Trust me when I say there are patients that make me roll my eyes, blow my breath, huff and puff, and grumble just to hear them ask for something. It takes a lot of self control some days to just hand that person a cup of juice because of the nasty comments that are going to come right behind the gesture. I provide the care they need, and I do not offer more than I have to. Some people are so foul that it is best to stay clear of them, than to subject yourself to more of their behavior.
Nurses, I cannot stress enough the importance of adequately documenting any relevant events. If an adverse event occurs document it in the appropriate part of the patient record, or on an incident report per facility policy. In the event of litigation involving the patient, good objective documentation can increase the chances of a positive outcome for the nurse. Nurses, the best source of passing information and events is in the patients’ charts.
In mental health, patients threaten the nurses daily with being sued or fired. Most of them are just angry threats and they will come and apologize later. However, even though they may have apologized, it might not be the complete end. They are sick, but the facility still listens to each threat and investigates them as if they are completely true. This leaves the nurse hanging on the ledge, so to speak, to take care of the person, document the threat, and remain professional without adding fuel to the fire that has already sparked.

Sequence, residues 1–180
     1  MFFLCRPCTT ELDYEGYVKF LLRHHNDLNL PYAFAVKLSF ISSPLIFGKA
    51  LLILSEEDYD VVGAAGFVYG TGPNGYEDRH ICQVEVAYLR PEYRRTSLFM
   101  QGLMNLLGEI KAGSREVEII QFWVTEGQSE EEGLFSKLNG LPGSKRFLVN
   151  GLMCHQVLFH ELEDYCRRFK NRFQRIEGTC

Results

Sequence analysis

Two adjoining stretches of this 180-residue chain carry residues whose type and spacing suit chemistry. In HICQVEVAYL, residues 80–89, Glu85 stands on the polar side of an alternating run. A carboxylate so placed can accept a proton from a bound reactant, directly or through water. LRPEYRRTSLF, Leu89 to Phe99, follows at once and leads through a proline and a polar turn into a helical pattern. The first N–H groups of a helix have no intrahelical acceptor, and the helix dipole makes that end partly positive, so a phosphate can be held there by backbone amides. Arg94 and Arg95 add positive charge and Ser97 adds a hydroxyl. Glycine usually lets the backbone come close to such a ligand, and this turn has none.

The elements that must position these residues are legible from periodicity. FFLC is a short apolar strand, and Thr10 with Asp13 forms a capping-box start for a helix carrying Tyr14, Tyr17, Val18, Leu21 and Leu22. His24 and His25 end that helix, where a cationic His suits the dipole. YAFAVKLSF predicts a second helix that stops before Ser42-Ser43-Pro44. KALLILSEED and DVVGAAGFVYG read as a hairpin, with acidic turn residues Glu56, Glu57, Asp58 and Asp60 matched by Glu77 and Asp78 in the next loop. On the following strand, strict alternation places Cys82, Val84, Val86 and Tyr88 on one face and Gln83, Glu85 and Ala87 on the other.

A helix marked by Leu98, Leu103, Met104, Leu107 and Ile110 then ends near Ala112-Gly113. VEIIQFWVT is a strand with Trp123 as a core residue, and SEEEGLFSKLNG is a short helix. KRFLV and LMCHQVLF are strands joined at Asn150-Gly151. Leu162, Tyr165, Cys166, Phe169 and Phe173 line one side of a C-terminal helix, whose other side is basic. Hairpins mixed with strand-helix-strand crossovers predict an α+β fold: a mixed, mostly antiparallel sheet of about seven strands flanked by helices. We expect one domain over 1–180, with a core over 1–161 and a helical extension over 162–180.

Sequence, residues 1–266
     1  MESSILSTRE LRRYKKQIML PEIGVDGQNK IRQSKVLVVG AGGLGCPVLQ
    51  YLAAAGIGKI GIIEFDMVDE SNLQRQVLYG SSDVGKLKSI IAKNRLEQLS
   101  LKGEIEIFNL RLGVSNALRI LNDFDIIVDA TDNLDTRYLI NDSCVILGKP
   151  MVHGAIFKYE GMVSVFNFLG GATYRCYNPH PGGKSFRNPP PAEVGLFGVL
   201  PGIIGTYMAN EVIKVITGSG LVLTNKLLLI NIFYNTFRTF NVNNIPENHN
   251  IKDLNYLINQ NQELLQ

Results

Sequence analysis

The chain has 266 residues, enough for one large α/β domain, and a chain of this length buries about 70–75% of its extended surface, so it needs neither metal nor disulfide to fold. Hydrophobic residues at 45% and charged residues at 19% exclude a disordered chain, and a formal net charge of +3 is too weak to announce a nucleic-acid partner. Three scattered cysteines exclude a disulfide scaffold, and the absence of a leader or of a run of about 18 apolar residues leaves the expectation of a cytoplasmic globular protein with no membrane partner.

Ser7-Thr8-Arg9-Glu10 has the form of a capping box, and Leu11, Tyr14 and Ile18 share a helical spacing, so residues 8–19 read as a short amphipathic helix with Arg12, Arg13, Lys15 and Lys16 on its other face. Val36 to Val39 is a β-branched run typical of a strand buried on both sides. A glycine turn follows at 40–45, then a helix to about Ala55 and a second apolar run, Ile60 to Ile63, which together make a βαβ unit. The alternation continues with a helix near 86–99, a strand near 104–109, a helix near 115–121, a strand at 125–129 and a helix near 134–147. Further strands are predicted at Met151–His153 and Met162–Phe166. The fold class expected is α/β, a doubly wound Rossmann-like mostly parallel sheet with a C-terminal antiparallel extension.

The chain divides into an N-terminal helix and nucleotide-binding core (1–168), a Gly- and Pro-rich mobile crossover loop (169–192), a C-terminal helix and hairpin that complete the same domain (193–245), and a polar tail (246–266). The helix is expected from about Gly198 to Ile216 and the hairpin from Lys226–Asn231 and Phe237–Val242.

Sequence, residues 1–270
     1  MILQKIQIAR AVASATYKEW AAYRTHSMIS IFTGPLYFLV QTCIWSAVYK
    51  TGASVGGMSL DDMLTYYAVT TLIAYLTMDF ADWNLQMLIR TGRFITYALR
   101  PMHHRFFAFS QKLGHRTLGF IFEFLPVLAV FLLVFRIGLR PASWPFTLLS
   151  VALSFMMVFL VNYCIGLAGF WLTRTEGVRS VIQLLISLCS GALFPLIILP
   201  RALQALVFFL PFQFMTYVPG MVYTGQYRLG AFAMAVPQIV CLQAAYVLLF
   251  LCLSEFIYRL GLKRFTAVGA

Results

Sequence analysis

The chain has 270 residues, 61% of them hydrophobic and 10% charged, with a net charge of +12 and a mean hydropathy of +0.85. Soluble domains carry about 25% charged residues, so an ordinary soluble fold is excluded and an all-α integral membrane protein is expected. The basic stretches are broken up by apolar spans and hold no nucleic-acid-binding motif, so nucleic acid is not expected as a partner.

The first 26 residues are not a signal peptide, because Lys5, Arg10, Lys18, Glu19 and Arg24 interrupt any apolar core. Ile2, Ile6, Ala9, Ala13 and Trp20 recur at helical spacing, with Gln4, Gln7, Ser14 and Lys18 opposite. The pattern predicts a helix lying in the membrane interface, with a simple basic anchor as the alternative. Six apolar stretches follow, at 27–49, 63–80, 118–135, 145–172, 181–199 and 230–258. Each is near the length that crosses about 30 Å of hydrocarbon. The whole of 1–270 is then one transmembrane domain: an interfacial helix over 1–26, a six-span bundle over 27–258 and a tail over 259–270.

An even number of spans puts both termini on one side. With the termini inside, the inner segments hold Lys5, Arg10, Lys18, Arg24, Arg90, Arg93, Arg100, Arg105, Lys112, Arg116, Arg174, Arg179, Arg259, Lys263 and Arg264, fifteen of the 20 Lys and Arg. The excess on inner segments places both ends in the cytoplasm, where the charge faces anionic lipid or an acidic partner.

As nurses, we have our tender spots and we have our days that we are really tired. When someone attacks you verbally it becomes really hard to hold your tongue and not say the things that come to mind. I could not tell you how many times while working in a male patient unit over the years that I have been called a "bitch.” To which I have learned to reply, “Mrs. Bitch to you.” It will either cause them to apologize, stop and stare, or like in most cases walk away mumbling. That is not being mean to the patient; it is redirecting them. Those same patients have also become the ones who I am able to gain the most rapport with while they are in the hospital.
Seek the assistance of your supervisor or other appropriate persons if you are caring for a patient who makes you feel uncomfortable, either physically or emotionally. There are times when a change in patient assignment is a reasonable step to take.
Have you had a difficult patient?
Angela Brooks has worked in a state-funded psychiatric hospital in Kentucky for 21 years as a nurse, assisting sometimes-dangerous patients who come in shackled and cuffed. At AngelaBrook.com, she offers stories of life on the inside of a psychiatric ward, and the site, as well as her company, offers support for nurses in the mental health field and helps them bring passion into their role at work.
On her BlogTalkRadio show, Mental Happiness with Angela Brooks, she shares some of her experiences “learning to love those others have forsaken” and gives tips on how to bring peace to your own life.
* Please note: I am not here to CURE, DIAGNOSE, Treat or suggest replacements for what a doctor prescribes – I am sharing my nursing adventures with you.